Here they are, in all of their glory. They were constructed from local barn wood, salvaged by my husband and I just a few months ago. I took 80 grit sandpaper and hit all the boards on both sides to clean some of the dirt and grime off the surface. A light touch did the trick – without taking all of that beautiful, grey, old weathered look off the wood. The table legs were cleaned and prepped also – and that will be a separate post. 🙂 

Once the wood is ready, I simply cut the bottom and sides down to the same length (checking the width, but since these were salvaged boards, I didn’t want to cut any exposed edges). The larger caddy is 16″ long, and the sides I cut somewhere between 12 and 13″ high, cutting a 45 degree angle off of each corner for a more rustic look. Then fire up the nail gun and go to town! 🙂 

The handles were pre-drilled and then glued and screwed in from the outside of the caddy. Very strong and sturdy – our football-player-sized brother sat on it and it survived. 🙂 Seriously. 

But what you really want are the pictures… so here they are! This set of two were custom made for my sister-in-law. Doesn’t she have good taste? 

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Don’t you just love how OLD they look? We rescued those table legs out of grandma’s basement and gave them new life. There’s nothing more satisfying than giving something beautiful a brand new life!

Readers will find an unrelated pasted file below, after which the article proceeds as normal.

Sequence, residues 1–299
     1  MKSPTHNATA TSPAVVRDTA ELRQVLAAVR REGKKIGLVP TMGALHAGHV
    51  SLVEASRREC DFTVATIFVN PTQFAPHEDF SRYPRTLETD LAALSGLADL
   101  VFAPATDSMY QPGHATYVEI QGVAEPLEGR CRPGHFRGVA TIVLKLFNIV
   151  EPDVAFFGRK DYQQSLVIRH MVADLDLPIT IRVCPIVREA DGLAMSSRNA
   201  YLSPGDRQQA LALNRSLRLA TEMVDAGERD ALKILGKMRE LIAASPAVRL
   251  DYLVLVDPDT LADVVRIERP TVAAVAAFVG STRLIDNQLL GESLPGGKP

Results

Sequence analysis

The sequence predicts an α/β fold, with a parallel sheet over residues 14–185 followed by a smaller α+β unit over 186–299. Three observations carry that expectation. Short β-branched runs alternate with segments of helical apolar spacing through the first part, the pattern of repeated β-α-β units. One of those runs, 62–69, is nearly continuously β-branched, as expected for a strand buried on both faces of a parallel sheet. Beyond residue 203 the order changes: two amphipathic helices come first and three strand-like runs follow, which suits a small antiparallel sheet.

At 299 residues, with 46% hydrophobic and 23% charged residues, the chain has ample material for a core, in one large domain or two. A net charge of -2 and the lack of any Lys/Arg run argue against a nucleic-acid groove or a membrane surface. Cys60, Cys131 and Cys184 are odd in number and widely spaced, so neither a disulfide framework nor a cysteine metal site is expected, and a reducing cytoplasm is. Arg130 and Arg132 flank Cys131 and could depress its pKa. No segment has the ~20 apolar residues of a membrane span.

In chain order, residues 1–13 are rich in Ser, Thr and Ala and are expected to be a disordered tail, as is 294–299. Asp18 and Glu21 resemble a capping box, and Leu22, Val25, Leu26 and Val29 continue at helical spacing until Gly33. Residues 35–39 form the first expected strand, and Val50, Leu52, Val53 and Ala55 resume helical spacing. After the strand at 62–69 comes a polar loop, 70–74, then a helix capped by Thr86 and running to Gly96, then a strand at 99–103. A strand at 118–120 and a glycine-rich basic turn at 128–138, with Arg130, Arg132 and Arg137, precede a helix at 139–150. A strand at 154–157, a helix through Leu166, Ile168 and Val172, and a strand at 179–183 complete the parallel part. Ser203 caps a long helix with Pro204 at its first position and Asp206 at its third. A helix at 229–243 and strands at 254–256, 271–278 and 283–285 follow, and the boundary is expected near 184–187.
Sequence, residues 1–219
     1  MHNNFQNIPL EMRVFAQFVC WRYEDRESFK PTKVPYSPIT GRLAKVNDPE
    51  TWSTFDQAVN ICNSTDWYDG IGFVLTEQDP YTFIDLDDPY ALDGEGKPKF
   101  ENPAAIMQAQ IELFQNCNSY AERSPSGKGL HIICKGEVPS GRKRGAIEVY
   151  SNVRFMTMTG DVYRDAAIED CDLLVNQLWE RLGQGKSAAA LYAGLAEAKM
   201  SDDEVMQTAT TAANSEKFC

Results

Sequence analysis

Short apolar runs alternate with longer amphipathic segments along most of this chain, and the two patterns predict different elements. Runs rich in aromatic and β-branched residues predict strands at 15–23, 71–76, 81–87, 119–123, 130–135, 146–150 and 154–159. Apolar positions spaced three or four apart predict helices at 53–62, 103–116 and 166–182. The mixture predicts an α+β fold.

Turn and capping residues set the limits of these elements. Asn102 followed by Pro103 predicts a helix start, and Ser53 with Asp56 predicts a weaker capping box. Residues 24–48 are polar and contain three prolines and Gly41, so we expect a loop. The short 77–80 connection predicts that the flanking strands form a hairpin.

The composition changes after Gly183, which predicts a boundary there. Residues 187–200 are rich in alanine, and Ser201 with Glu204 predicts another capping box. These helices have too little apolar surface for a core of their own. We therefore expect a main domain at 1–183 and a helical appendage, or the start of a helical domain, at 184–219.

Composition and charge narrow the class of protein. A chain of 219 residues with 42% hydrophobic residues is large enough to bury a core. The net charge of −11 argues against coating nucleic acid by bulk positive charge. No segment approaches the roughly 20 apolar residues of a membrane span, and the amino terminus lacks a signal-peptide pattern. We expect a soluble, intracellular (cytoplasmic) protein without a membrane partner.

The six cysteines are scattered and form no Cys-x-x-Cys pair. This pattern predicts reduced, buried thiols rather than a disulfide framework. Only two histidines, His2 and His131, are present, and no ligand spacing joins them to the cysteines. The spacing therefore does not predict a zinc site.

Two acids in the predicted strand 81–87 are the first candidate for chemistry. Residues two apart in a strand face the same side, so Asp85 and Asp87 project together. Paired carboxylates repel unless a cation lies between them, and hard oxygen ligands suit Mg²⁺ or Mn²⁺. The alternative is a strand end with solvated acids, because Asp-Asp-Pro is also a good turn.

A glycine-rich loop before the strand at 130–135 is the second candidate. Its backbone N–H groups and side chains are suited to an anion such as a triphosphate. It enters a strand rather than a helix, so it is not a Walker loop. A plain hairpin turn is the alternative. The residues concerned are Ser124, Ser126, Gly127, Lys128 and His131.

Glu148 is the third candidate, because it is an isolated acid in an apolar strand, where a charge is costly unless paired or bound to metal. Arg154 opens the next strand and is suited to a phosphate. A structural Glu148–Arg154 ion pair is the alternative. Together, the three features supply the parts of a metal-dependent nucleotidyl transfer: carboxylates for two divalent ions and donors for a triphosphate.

~ The Woodworker’s Wife 

Our Rustic Coat Rack {a Fire Station Special Request}

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I am really proud of these. This was something that grew out of a special request by my Woodworker’s Fire Station. They needed a rack for their coats in a small station, lacking storage. We had piles of barnwood. This was born. The hooks are completely unique – you’ll notice that they are made out of the same wood. You can’t find anything like this anywhere. We looked. 

 

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Because this is real, 100% reclaimed oak, these are really heavy! Our solution for hanging was to install two, set-in, key hole hangers about 16″ apart on the back. They are metal, so they can handle the weight of the rack PLUS whatever you need them to hold for you. No way these are going to fail you! 🙂 

 

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Here you can see the detail of the hook. I love that they “match” the rest of the wood. By the way, the nail holes are original to the barn wood, and the color is completely natural. All we did for the finish was three coats of high-gloss poly to really bring out the rustic beauty in the wood and keep it protected from the elements.